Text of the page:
This is a much more nuanced expression than Congress’ punitive approach that the Supreme Court struck down. While lawyers disagree on just about anything, the prevalent view is that cutting or terminating uncompensated care waivers would hold up in court.

It will be hard for Haslam to get his way with true red legislators in an election year, especially a presidential election year in which they can hope for a Republican victory that will lead to the repeal of Obamacare.

On the other hand, public opinion polls continue to show that a clear majority of Tennesseans favor Medicaid expansion, which would primarily reach childless adults with incomes below 100 percent of the poverty line. Perversely, they aren’t eligible for subsidized coverage on the government health care exchange either. This “coverage gap” is an outrage. And if Haslam can’t get Medicaid expanded, then he should take the “private option” approach of a waiver to get these unfortunates enrolled on the exchange that both Democrat and Republican governors of Arkansas have supported with CMS approval.

Notably, the Arkansas Hospital Association has reported a 65 percent drop in uncompensated care in that state last year to about $125 million. (Arkansas is not one of the nine states with a waiver that begets federal funding.) The association attributes the decline to the extension of coverage to some 250,000 previously uninsured people via the private option, producing a 60 percent in the uninsured rate, the largest of any state. An association release adds that, “The private option has given many of our rural hospitals a better chance to remain open for their communities. Arkansas has not seen rural hospital closures like other states and this can be directly attributed to insurance coverage for a previously uninsured population.”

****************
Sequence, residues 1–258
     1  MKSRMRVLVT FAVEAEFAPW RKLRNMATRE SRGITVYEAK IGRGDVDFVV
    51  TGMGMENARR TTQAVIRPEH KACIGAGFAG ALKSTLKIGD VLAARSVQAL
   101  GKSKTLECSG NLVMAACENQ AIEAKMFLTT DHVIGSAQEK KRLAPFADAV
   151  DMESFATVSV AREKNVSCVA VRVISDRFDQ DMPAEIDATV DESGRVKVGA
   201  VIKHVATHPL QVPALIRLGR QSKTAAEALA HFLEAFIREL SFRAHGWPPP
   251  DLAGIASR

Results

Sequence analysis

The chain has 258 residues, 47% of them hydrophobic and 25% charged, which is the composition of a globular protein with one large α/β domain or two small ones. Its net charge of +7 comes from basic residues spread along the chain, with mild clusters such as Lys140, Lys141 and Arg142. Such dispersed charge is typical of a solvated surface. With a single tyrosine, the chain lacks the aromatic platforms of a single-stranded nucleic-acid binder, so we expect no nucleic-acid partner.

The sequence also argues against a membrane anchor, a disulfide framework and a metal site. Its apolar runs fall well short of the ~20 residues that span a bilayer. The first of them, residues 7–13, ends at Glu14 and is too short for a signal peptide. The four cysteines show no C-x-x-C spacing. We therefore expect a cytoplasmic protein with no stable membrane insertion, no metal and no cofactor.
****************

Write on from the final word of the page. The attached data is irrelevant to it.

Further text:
When will Tennessee catch on?

Re: Jerry Burgess

In a previous column, I said that the president of Community Health Alliance, Jerry Burgess, misled me with assurances on Oct. 9 that the firm was geared up for 2016 enrollments on the government health care exchange. That was five days before he announced that CHA was shutting down.

In his announcement, Burgess ascribed the firm’s demise to an adverse determination by the federal Centers for Medicare and Medicaid Services that “led to an unavoidable outcome.” While this determination occurred on Oct. 1, Burgess insists that he was engaged in discussions with state and federal officials that he was hopeful would save the firm until two days before his Oct. 14 announcement. I will take his word for this.

Joe Sullivan is the former owner and publisher of Metro Pulse (1992-2003) as well as a longtime columnist covering local politics, education, development, business, and tennis. His new column, Perspectives, covers much of the same terrain.